Ant colonies show remarkably coordinated behavior, despite lacking any direction from a well-informed central controller. Each worker instead applies simple decision rules to limited knowledge, and exchanges information with her neighbors using rudimentary cues and signals. From this process emerge the construction of complex nests, collective decisions among food sources, the adaptive allocation of labor across tasks, and many other group accomplishments. To identify the underlying decision rules requires a detailed description of the behavior of individually identifiable ants. The ant species Temnothorax curvispinosus is especially useful for this kind of study, because they form small colonies of only a few hundred workers, and they thrive in thin, glass-walled laboratory nests, facilitating detailed video records of their behavior. Most importantly, as shown in these images, workers can be individually marked with tiny drops of paint. Ants are first immobilized with carbon dioxide, and then marked with a distinctive pattern of four drops. They soon emerge unharmed from narcosis, and retain their marks for several months to years. This approach has been particularly useful in showing how emigrating colonies can choose the best among several new homes, even when few individual workers are aware of all the options under consideration.
Credit: Stephen Pratt
There’s a jerk inside all of us: we roll our eyes when someone in line has a complicated order, curse at little old ladies who don’t drive fast enough, and sneer at people who are just too happy. Over time, that snark kills our productivity and poisons our relationships. Here’s how to keep your inner asshole in check.
There’s a difference between being occasionally sarcastic and a little derisive in your head, but when negativity becomes your default reaction, you have a problem. You may have had a wake-up moment, much like Anna Holmes, founding editor of Jezebel, had when she realized she was sneering at someone for no reason other than that the person was happy. Here’s what she said:
Just rolled my eyes at a woman skipping happily across 42nd Street. Then I realized I’M the asshole.
— Anna Holmes (@AnnaHolmes) May 31, 2012
How about a quick check. Do you:
-Roll your eyes at every “hipster” who, by most accounts, is just a person trying (successfully or not) to dress fashionably?
-Primarily complain about how horrible people/things are on Facebook/Twitter?
-Get angrier every passing moment that you stand in line at the grocery store, or have to wait for your check to arrive at a restaurant?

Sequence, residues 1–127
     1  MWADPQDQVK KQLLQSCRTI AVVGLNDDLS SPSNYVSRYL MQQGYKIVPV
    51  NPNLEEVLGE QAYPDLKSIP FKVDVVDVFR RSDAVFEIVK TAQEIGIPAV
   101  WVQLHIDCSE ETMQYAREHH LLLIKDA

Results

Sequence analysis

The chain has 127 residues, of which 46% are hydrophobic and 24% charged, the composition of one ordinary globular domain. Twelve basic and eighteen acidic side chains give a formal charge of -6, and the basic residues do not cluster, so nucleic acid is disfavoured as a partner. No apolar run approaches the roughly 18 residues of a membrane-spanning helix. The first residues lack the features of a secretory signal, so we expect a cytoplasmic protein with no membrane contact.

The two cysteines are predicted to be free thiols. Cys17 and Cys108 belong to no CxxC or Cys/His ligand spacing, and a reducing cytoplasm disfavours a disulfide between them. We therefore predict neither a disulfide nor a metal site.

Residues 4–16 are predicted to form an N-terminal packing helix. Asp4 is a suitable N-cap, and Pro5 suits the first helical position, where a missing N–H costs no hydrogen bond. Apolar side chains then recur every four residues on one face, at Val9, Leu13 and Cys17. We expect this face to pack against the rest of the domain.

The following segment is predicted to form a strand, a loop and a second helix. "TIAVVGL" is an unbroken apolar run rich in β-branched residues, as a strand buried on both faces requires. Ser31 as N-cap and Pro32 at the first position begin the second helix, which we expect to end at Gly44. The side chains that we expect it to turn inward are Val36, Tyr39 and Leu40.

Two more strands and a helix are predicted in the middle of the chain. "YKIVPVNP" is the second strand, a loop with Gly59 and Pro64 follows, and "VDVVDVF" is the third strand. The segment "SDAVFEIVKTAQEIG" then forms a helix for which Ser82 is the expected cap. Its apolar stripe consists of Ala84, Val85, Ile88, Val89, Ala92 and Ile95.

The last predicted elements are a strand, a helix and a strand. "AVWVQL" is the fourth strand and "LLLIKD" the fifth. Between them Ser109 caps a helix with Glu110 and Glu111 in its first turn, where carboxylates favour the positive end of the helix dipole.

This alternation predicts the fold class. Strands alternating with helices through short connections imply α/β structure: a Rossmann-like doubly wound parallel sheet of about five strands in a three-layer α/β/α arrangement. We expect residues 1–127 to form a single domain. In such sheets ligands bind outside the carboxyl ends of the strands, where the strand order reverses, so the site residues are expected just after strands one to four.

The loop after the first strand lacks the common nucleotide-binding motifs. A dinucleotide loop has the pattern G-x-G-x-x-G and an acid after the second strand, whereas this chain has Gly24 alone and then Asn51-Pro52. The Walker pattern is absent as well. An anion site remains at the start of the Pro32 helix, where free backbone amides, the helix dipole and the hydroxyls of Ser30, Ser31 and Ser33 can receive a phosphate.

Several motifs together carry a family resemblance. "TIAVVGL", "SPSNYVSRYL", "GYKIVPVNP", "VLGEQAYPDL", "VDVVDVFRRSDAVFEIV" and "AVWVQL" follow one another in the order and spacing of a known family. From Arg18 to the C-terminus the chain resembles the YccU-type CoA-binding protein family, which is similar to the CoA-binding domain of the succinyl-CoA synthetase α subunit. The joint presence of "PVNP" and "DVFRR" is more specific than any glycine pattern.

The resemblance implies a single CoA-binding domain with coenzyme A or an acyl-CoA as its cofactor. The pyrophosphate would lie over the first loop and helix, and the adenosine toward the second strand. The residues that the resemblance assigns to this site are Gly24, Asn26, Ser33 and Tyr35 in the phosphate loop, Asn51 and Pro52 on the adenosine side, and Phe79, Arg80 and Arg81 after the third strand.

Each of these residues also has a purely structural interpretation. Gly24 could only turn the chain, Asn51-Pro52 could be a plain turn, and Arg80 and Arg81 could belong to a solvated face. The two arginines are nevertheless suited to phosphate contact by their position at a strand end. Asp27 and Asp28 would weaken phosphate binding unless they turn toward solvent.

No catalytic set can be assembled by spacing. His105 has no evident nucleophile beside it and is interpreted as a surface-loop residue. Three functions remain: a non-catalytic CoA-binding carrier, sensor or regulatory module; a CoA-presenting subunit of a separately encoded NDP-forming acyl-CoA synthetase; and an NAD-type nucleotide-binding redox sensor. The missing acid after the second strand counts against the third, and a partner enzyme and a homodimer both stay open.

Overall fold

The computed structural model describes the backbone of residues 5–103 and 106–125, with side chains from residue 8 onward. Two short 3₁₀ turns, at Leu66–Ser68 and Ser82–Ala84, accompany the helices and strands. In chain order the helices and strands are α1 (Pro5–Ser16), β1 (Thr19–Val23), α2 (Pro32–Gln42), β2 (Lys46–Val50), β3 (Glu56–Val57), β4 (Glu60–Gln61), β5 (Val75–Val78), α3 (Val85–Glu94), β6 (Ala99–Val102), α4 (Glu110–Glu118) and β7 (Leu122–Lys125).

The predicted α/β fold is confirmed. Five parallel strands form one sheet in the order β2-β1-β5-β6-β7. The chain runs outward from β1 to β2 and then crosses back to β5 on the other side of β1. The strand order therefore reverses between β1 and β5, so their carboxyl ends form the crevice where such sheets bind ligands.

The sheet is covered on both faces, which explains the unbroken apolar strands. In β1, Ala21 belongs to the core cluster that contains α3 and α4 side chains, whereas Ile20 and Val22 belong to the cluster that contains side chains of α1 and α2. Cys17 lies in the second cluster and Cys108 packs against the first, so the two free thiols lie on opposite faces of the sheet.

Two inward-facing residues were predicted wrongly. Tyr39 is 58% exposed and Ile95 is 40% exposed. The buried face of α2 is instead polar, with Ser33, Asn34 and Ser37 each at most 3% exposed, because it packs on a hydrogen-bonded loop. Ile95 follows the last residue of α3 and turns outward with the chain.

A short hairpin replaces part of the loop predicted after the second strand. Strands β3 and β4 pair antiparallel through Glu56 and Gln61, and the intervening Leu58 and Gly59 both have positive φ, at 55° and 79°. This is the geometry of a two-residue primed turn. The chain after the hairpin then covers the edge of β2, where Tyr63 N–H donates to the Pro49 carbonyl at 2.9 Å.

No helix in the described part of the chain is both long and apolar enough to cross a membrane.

-Find you’re constantly frustrated with coworkers who don’t “get it?”
-Comment angrily on blogs, videos, and other web sites (usually beginning with “ummm” and ending with “just saying?”)
-Feel like it’s okay to be a complete jerk, as long as you’re “witty” about it?
Excerpt of an article written by Alan Henry, at Lifehacker. Continue HERE
Dr Deborah Custance and Jennifer Mayer, both from the Department of Psychology, developed an innovative procedure to examine if domestic dogs could identify and respond to emotional states in humans.
Eighteen pet dogs, spanning a range of ages and breeds, were exposed to four separate 20-second experimental conditions in which either the dog’s owner or an unfamiliar person pretended to cry, hummed in an odd manner, or carried out a casual conversation.
The dogs demonstrated behaviours consistent with an expression of empathic concern. Significantly more dogs looked at, approached and touched the humans as they were crying as opposed to humming, and no dogs responded during talking. The majority of dogs in the study responded to the crying person in a submissive manner consistent with empathic concern and comfort-offering.
“The humming was designed to be a relatively novel behavior, which might be likely to pique the dogs’ curiosity. The fact that the dogs differentiated between crying and humming indicates that their response to crying was not purely driven by curiosity,” explained Dr Custance. “Rather, the crying carried greater emotional meaning for the dogs and provoked a stronger overall response than either humming or talking.”
The study also found that the dogs responded to the person who was crying regardless of whether it was their owner or the unfamiliar person: “If the dogs’ approaches during the crying condition were motivated by self-oriented comfort-seeking, they would be more likely to approach their usual source of comfort, their owner, rather than the stranger,” said Jennifer. “No such preference was found. The dogs approached whoever was crying regardless of their identity. Thus they were responding to the person’s emotion, not their own needs, which is suggestive of empathic-like comfort-offering behavior.”
Text and image via Medical Xpress
Photographer Paolo Patrizi has documented the daily routine of a wrestler and the strict codes of behavior associated with it. Click HERE for more.
You can also watch a documentary produced by National Geographic called Sumo Kids (full documentary)